January 22, 2021 § 2 Comments
By Hiram Perez
I am eight years old and lost in my daydreams outside Kmart as I weave in and out between the iron bars used to keep people from stealing shopping carts. Suddenly I become aware of my father’s gaze. I meet his eyes and find myself immobilized by the disgust in his scowl.
He speaks—calmly, matter-of-factly: “Papo, if I ever find out you are a maricón, I will kill you and then kill myself.”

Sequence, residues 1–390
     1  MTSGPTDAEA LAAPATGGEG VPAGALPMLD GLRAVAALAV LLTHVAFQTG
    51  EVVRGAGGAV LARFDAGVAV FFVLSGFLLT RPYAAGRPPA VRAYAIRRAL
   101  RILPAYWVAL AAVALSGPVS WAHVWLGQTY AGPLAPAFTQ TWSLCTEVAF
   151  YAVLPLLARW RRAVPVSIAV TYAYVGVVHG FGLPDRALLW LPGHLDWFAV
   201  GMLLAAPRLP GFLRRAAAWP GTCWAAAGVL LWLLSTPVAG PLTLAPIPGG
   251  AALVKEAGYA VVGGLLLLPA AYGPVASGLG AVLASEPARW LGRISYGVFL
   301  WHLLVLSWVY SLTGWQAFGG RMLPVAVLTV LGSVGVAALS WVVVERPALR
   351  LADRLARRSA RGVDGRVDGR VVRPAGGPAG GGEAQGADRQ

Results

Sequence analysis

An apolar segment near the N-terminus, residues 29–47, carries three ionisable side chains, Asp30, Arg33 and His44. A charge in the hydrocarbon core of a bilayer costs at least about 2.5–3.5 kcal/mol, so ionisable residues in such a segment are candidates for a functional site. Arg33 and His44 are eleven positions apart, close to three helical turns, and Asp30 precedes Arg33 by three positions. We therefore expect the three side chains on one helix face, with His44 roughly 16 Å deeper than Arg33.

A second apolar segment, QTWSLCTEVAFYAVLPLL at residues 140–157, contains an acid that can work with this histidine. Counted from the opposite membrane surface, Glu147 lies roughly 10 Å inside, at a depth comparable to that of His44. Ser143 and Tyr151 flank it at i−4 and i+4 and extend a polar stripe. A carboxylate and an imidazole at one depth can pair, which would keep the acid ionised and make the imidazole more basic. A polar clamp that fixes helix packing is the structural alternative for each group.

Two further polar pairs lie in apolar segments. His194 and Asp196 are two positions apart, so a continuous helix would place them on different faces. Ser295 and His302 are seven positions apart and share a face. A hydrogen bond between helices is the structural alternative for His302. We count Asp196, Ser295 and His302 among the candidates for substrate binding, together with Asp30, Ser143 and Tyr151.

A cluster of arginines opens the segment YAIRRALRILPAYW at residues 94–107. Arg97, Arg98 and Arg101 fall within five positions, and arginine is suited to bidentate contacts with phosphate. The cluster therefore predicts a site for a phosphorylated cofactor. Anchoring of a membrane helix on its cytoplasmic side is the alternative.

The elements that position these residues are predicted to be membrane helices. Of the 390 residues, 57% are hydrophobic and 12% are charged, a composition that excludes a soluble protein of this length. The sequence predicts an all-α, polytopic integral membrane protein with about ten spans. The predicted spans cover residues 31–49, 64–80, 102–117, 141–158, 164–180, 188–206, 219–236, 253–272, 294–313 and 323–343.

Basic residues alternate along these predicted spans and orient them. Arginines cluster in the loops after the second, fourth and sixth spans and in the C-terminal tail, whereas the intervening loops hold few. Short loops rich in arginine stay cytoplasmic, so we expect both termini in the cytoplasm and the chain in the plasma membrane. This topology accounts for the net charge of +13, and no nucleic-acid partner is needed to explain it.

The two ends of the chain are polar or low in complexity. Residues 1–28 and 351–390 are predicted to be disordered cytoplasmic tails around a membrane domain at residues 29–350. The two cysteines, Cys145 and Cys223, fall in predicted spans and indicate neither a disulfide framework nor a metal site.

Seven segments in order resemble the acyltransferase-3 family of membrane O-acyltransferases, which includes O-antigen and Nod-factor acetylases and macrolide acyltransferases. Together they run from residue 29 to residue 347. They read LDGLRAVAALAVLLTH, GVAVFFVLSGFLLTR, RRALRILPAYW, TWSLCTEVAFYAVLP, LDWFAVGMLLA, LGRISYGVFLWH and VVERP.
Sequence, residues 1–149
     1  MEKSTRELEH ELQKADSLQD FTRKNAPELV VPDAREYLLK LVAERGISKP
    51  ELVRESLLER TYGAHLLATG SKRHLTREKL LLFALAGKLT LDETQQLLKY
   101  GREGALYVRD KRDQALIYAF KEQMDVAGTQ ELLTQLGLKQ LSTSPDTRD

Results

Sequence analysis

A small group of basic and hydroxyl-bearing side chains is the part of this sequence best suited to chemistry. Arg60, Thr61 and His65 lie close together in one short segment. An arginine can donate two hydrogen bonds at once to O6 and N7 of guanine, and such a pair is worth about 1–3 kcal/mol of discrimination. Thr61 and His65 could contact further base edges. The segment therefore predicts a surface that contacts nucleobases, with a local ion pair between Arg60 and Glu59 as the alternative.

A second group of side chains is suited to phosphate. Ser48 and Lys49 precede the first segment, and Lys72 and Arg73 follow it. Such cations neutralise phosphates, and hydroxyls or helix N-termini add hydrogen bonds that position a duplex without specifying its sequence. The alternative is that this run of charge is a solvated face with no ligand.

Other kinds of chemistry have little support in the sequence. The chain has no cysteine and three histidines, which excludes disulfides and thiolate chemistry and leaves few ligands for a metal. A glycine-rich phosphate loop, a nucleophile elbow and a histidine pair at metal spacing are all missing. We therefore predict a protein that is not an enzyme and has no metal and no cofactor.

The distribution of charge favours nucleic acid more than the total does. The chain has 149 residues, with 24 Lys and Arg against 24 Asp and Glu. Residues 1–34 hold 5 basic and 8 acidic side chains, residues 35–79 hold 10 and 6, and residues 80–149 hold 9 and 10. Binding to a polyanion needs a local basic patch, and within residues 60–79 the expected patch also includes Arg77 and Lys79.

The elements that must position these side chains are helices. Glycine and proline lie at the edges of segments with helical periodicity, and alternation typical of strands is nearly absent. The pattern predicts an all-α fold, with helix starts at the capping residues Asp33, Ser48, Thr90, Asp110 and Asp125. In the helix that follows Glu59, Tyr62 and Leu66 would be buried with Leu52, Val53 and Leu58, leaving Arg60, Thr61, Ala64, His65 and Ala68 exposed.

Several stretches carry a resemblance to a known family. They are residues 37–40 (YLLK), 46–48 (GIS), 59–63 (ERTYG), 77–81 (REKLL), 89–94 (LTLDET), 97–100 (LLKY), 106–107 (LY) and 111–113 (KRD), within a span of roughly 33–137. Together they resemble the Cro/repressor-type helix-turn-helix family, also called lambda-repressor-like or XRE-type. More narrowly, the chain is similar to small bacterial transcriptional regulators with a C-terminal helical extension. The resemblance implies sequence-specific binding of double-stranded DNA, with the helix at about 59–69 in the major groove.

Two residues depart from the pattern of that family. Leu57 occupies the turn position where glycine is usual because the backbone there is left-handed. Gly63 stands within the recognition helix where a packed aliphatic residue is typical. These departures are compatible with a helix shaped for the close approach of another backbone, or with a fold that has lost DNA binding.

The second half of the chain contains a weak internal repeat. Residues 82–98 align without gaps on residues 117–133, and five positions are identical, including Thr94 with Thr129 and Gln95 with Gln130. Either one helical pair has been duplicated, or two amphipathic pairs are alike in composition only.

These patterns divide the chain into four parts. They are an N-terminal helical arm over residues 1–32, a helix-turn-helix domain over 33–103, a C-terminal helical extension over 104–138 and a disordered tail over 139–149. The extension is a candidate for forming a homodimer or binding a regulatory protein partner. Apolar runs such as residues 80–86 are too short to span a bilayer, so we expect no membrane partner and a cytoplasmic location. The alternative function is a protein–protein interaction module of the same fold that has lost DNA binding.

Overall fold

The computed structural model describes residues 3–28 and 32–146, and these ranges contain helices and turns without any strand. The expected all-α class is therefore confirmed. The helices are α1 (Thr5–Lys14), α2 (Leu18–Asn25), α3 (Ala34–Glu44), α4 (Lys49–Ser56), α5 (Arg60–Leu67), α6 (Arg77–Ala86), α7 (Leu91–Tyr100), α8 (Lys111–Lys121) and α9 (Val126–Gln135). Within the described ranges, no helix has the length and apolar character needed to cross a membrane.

I don’t know what maricón means, though I hear it hurled at me enough times by other boys, along with pato. I think it has something to do with my skin being lighter than my father’s. I think it has something to do with how I cry too easily. I think it has something to do with how all my friends are girls, and I have no interest in playing baseball. I do not know what maricón means, but I know I am found out. I do know being a maricón is the worst betrayal imaginable. But what is it that betrays me? A hand gesture, I wonder, or the way I carry myself. Do I daydream too much for a boy? It is something in my eyes perhaps. Do they betray how much I am afraid all the time?